Patch Knowledge Base Article Operating system Safe to install? Issues being tracked Fixing or patching
    KB4074588 Windows 10 1709 Hold wait for further guidance Tracking issues with USB side effects on SOME Windows 10 machines.  See this link for details.  Tracking inaccessible boot device as a side effect for SOME computers.  See this link for details. Patching security vulnerabilities for remote code attacks. Fixes an issue where some users may have experienced issues logging into some websites when using third-party account credentials in Microsoft Edge. Released Spectre-Meltdown updates to 32 bit platform.
    KB4074592 Windows 10 1703 Okay to install Not tracking any major issues Security update for remote code vulnerabilities. Released Spectre-Meltdown updates to 32 bit platform.
    KB4074594 Windows 8.1 Okay to install Not tracking any major issues Security update for remote code vulnerabilities.  Addressed a script-related issue that caused Internet Explorer to stop working in some cases.
    KB4074598 Windows 7 Okay to install Not tracking any major issues Security update for remote code vulnerabilities. Fixes issue with launching a new page in Internet Explorer.
    KB2952664 Windows 7 Optional update – do not need to install Not tracking any side effects – however this update is optional Telemetry update – does not install any code to update to Windows 10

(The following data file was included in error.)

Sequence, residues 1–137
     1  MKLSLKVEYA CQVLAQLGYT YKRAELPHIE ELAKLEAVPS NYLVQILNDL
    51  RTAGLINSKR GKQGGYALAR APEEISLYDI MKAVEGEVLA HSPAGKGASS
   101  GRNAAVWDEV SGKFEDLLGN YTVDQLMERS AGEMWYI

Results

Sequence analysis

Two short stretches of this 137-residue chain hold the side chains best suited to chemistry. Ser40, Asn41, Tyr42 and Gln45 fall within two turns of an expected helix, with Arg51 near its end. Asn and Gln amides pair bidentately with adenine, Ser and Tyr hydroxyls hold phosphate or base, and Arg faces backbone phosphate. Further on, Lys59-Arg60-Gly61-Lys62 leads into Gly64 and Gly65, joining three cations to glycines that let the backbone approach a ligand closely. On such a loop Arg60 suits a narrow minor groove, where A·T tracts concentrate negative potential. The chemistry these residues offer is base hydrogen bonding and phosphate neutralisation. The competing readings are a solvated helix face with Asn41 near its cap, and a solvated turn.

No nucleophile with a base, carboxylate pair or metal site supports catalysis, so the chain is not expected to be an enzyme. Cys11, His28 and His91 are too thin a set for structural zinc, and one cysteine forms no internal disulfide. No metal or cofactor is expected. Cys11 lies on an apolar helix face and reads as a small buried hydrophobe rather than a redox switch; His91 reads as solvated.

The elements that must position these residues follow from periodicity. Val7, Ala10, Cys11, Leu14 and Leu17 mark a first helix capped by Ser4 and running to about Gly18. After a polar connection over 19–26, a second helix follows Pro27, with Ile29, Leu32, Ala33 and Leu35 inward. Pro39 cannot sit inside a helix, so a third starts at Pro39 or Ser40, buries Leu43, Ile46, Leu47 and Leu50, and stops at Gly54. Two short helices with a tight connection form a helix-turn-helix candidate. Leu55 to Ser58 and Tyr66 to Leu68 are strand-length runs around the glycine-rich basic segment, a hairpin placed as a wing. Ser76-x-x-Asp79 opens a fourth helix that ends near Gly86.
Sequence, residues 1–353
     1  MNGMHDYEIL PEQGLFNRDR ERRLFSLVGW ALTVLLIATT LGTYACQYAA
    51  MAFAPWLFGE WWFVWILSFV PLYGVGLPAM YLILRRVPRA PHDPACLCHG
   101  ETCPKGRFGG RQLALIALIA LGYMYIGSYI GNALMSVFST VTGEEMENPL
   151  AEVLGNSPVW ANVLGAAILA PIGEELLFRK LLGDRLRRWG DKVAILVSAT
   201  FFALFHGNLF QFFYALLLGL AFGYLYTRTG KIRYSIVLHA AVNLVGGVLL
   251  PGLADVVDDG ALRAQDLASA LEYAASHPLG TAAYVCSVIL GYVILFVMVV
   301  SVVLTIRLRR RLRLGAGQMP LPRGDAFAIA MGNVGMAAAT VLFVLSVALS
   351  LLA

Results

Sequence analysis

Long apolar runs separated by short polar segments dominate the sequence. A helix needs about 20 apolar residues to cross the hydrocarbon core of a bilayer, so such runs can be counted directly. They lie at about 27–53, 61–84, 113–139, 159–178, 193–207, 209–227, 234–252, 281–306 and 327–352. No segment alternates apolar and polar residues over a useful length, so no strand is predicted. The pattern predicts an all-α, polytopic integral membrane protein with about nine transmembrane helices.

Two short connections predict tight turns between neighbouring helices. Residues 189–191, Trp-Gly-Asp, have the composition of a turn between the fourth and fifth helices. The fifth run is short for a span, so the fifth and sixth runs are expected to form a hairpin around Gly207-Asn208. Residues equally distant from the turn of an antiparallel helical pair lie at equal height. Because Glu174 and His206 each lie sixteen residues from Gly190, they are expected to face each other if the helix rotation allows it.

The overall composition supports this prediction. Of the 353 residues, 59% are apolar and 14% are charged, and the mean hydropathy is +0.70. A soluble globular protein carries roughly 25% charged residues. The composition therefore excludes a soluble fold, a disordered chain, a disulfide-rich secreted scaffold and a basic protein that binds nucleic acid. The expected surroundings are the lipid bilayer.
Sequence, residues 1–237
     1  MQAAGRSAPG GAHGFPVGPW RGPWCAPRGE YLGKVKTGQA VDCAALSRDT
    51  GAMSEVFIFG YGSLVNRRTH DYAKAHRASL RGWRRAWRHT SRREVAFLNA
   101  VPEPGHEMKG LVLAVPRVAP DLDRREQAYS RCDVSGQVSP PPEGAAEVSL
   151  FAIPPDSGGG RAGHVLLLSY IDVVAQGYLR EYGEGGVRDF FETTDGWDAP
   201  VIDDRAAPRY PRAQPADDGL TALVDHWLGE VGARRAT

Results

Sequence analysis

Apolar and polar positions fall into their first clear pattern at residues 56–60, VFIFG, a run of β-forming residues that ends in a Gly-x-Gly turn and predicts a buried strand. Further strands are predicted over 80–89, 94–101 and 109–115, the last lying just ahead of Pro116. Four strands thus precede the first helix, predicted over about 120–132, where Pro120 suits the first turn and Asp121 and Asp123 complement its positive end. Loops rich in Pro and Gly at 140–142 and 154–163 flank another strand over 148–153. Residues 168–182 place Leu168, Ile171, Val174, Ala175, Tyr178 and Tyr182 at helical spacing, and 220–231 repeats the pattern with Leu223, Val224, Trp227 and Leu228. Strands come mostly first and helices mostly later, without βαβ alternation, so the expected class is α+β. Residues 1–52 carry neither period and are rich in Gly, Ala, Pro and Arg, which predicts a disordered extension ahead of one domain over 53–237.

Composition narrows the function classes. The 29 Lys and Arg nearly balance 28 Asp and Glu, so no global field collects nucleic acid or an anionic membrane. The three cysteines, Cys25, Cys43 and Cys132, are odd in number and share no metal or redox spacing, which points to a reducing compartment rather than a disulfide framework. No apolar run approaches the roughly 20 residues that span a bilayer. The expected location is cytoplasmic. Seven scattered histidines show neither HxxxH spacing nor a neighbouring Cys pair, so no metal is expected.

KB4076492

     

    .NET optional quality updates for Windows 7, 8.1:  3.5.1, 4.5.2, 4.6, 4.6.1, 4.6.2, 4.7, and 4.7.1 Optional update – do not need to install Not tracking any side effects – however this update is optional These updates only provide non security fixes. They are not new security updates. Thus it’s not mandatory to install any of these.
    KB4076493

     

    .NET optional for Server 2012 for 3.5 SP1, 4.5.2, 4.6, 4.6.1, 4.6.2, 4.7, and 4.7.1 for Windows Server 2012 Optional update – do not need to install Not tracking any side effects – however this update is optional These updates only provide non security fixes. They are not new security updates. Thus it’s not mandatory to install any of these.
    KB4076494

     

    .NET optional 3.5 SP1, 4.5.2, 4.6, 4.6.1, 4.6.2, 4.7, and 4.7.1 for Windows 8.1, RT 8.1, and Server 2012 R2 Optional update – do not need to install Not tracking any side effects – however this update is optional These updates only provide non security fixes. They are not new security updates. Thus it’s not mandatory to install any of these.
    KB4076495 .NET optional for 2.0 SP2, 3.0 SP2, 4.5.2, and 4.6 for Windows Server 2008 SP2 Optional update – do not need to install Not tracking any side effects – however this update is optional These updates only provide non security fixes. They are not new security updates. Thus it’s not mandatory to install any of these.
    Office 2016 click to run release as of February 13, 2018 Monthly channel version 1801, Build 9001.2171 Office 2016 Security update for remote code vulnerabilities. Tracking issues in Outlook see this page. Unable to save attachments to network see this page.
    Office 2016 click to run release as of February 13, 2018 Semi-Annual Channel  version  1708, Build 8431.2215 Office 2016 *The version I want you to be on* Security update for remote code vulnerabilities. Tracking issues in Outlook see this page. Unable to save attachments to network see this page.
    Office 2013 click to run version 15.0.5007.1000 Office 2013 Security update for remote code vulnerabilities. Tracking issues in Outlook regarding missing meeting information see this page.